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|Title:||Direct visualization of Agrobacterium-delivered VirE2 in recipient cells||Authors:||Li, X.
|Issue Date:||Feb-2014||Citation:||Li, X., Yang, Q., Tu, H., Lim, Z., Pan, S.Q. (2014-02). Direct visualization of Agrobacterium-delivered VirE2 in recipient cells. Plant Journal 77 (3) : 487-495. ScholarBank@NUS Repository. https://doi.org/10.1111/tpj.12397||Abstract:||Agrobacterium tumefaciens is a natural genetic engineer widely used to deliver DNA into various recipients, including plant, yeast and fungal cells. The bacterium can transfer single-stranded DNA molecules (T-DNAs) and bacterial virulence proteins, including VirE2. However, neither the DNA nor the protein molecules have ever been directly visualized after the delivery. In this report, we adopted a split-GFP approach: the small GFP fragment (GFP11) was inserted into VirE2 at a permissive site to create the VirE2-GFP11 fusion, which was expressed in A. tumefaciens; and the large fragment (GFP1-10) was expressed in recipient cells. Upon delivery of VirE2-GFP11 into the recipient cells, GFP fluorescence signals were visualized. VirE2-GFP11 was functional like VirE2; the GFP fusion movement could indicate the trafficking of Agrobacterium-delivered VirE2. As the natural host, all plant cells seen under a microscope received the VirE2 protein in a leaf-infiltration assay; most of VirE2 moved at a speed of 1.3-3.1 μm sec-1 in a nearly linear direction, suggesting an active trafficking process. Inside plant cells, VirE2-GFP formed filamentous structures of different lengths, even in the absence of T-DNA. As a non-natural host recipient, 51% of yeast cells received VirE2, which did not move inside yeast. All plant cells seen under a microscope transiently expressed the Agrobacterium-delivered transgene, but only 0.2% yeast cells expressed the transgene. This indicates that Agrobacterium is a more efficient vector for protein delivery than T-DNA transformation for a non-natural host recipient: VirE2 trafficking is a limiting factor for the genetic transformation of a non-natural host recipient. The split-GFP approach could enable the real-time visualization of VirE2 trafficking inside recipient cells. © 2013 The Authors The Plant Journal © 2013 John Wiley & Sons Ltd.||Source Title:||Plant Journal||URI:||http://scholarbank.nus.edu.sg/handle/10635/100476||ISSN:||09607412||DOI:||10.1111/tpj.12397|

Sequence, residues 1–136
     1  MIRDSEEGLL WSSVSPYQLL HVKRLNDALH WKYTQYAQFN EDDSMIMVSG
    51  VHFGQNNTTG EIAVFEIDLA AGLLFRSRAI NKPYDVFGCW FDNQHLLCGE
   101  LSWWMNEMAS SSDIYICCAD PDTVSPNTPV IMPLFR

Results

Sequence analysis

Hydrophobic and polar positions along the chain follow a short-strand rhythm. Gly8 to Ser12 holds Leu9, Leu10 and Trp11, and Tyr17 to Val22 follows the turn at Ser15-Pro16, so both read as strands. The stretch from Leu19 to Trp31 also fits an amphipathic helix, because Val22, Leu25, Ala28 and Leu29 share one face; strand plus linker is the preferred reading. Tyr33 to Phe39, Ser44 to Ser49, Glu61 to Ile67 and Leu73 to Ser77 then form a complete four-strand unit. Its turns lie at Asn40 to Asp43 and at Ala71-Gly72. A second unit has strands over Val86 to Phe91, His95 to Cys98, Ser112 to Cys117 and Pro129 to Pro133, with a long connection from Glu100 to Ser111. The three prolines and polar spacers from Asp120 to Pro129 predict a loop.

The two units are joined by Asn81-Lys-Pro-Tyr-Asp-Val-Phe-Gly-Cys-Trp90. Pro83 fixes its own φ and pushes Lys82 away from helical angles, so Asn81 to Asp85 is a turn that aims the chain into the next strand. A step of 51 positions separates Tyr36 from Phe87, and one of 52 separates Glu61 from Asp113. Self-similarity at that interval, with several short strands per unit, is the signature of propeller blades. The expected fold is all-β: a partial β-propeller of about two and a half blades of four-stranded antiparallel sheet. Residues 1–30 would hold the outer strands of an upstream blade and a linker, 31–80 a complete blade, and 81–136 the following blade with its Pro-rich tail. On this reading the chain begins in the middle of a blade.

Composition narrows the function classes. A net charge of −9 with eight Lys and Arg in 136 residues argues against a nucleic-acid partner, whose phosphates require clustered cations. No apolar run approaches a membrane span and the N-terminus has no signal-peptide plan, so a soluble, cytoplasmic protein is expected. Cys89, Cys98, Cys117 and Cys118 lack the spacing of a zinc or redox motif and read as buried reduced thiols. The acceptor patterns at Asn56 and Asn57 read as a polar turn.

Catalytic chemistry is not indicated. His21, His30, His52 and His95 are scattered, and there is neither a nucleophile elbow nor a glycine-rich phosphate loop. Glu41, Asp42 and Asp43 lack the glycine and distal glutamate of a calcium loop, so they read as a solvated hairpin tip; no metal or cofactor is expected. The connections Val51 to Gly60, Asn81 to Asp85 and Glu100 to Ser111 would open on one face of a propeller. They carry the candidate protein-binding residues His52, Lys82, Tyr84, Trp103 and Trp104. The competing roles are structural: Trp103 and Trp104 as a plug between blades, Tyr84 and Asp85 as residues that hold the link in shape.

|Appears in Collections:||Staff Publications|
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